The Standard Chartered forecast that the US dollar/dong exchange rate may stand at 19,900 dong per US dollar by the end of this year (higher than 19,600 dong/dollar in its previous report).
By the end of the first quarter in 2011, one US dollar could hover at 20,000 dong and this could be 20,800 dong/dollar by the end of next year, said the UK-owned bank.
Compared with reports made back in July, which was launched by Standard Chartered before the State Bank adjusted the exchange rate, the bank forecasted US dollar/dong exchange rate in 2010 would be down by about 100 dong against the central bank’s former cross rate. However, in 2011, the figure is forecasted to rise sharply from 19,800 dong to 20,800 dong a dollar. This adjustment shows the concern of experts for the price of sliding speed in the next 16 months.
According to Standard Chartered analysts, the depreciation of dong will become a large drag against the central bank and banks’ attempts to lower interest rates, although inflation may be more stable. Credit growth, therefore, will find it more difficult to meet production and business needs. The basic interest rate in dong, according to Standard Chartered, will be at about 10 percent in 2011.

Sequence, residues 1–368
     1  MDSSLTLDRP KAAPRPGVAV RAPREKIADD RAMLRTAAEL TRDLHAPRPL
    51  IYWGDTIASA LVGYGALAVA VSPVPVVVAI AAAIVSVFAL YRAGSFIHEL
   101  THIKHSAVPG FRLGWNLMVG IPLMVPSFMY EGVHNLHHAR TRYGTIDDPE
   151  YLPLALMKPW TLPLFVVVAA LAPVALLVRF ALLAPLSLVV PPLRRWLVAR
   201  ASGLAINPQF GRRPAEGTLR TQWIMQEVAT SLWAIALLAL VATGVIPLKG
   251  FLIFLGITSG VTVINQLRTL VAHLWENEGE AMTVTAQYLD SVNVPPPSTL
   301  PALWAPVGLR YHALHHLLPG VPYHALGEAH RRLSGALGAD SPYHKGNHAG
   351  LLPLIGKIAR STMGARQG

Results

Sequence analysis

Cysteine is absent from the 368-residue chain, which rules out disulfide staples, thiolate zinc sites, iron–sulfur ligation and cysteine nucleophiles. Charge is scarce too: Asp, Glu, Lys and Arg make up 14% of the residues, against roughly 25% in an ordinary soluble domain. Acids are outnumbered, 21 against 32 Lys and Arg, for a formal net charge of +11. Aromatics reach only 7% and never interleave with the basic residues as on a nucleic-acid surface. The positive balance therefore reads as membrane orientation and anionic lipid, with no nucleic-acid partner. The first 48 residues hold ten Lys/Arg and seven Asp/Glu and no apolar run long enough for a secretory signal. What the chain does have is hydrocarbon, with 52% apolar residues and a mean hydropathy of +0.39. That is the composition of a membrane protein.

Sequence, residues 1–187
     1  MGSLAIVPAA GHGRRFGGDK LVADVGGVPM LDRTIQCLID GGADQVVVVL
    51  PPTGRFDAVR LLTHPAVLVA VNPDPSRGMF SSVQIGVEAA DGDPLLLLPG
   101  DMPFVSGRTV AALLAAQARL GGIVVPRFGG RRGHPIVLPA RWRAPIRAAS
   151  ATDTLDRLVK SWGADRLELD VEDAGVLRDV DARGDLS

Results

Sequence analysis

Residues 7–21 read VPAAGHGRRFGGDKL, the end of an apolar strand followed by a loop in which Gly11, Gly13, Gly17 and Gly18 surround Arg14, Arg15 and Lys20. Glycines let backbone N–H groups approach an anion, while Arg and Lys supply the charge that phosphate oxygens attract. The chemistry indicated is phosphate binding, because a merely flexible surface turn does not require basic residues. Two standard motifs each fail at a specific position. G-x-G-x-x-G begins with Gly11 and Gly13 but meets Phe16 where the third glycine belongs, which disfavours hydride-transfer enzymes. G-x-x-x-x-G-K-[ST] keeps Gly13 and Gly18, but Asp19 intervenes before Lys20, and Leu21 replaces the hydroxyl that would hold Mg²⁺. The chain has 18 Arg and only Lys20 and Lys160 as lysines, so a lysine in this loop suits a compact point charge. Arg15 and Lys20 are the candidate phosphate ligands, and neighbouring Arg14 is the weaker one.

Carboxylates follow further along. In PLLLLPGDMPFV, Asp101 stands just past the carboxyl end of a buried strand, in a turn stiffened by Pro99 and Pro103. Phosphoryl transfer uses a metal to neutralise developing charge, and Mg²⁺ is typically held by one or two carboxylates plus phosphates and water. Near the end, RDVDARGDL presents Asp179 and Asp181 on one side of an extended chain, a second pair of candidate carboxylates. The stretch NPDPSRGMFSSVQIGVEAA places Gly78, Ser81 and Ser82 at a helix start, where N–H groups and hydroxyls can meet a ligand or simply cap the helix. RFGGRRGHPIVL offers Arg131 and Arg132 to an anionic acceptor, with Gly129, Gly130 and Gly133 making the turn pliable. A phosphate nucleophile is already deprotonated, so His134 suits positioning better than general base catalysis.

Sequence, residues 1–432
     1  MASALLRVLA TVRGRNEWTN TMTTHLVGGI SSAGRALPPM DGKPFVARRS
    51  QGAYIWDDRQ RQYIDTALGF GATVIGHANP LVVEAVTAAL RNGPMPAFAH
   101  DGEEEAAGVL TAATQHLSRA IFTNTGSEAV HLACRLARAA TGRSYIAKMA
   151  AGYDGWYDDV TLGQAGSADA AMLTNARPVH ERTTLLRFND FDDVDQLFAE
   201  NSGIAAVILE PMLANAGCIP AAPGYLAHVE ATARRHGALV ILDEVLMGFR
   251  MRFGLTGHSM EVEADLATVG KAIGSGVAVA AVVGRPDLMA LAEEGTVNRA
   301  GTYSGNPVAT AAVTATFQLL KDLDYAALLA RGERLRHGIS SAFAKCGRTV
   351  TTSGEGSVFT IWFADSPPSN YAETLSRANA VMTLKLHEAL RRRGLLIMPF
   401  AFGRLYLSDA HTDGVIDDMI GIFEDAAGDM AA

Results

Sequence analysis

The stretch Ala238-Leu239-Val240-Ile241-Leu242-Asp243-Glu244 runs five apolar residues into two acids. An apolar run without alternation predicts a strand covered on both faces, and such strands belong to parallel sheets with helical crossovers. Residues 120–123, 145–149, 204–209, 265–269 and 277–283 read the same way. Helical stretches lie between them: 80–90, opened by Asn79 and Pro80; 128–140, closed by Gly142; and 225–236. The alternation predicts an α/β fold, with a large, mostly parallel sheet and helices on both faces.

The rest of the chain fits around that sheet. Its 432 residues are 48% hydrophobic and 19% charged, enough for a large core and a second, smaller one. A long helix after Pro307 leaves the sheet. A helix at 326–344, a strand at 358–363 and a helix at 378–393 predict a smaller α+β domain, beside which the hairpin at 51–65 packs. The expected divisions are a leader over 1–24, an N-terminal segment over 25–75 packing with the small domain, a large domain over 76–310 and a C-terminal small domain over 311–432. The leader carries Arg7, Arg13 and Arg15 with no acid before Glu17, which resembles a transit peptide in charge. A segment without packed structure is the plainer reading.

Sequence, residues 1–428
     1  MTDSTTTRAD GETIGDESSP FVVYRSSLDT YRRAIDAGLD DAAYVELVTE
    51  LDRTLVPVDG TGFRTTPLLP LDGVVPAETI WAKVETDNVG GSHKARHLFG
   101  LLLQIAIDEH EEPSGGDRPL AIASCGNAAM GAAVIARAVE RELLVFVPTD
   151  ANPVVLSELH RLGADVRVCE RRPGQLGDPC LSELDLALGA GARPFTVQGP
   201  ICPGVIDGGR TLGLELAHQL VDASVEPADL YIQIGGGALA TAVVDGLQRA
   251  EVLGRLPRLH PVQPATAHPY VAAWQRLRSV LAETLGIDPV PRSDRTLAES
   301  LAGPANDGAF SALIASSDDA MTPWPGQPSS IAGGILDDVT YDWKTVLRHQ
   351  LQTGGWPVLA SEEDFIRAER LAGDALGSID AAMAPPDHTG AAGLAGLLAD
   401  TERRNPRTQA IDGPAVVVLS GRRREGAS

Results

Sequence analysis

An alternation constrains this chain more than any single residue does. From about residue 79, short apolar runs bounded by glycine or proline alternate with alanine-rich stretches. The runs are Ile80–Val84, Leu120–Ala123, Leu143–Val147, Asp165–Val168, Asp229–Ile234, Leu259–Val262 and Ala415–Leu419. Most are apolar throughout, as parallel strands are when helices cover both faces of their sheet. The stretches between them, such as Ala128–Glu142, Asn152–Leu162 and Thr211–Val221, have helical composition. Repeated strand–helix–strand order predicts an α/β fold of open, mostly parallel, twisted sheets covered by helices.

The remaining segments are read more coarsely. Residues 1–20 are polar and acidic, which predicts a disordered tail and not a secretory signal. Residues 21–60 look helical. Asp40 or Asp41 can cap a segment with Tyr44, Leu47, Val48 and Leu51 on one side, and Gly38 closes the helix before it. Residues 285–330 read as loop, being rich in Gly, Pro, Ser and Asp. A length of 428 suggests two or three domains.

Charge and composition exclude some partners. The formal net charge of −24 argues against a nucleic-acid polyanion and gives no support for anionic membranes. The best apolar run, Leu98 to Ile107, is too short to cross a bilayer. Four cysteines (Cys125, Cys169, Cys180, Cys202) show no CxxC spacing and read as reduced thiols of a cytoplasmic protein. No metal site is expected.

Another difficulty also mentioned by experts is to control prices in late 2010. Accordingly, in order to curb inflation, the government would adopt measures to control prices of products produced by private enterprises and foreign countries if prices are rising highly. Items are expected to apply including industrial inputs (cement, steel, gas, fertilisers, vaccines, animal feeds, coal…) and other essential commodities (salt, milk flour, sugar, rice, paper, books…).
Experts at Standard Chartered said that they did not believe that the government’s price control measures will be effective in cases where there is a continuous increase of global commodity prices. Meanwhile, lasting market distortions would lead to changes in quantity of goods if the market equilibrium can not be achieved through price adjustments.
However, the experts at Standard Chartered are still relatively optimistic of the economic situation in Vietnam late in 2010 with inflation under control and the trade deficit is relatively stable. Depreciation of the dong is expected at 8.5 percent this year (lower than previously forecast at 11.5 percent) during the whole year growth is also determined at 6.7 percent, similar to the government’s forecast.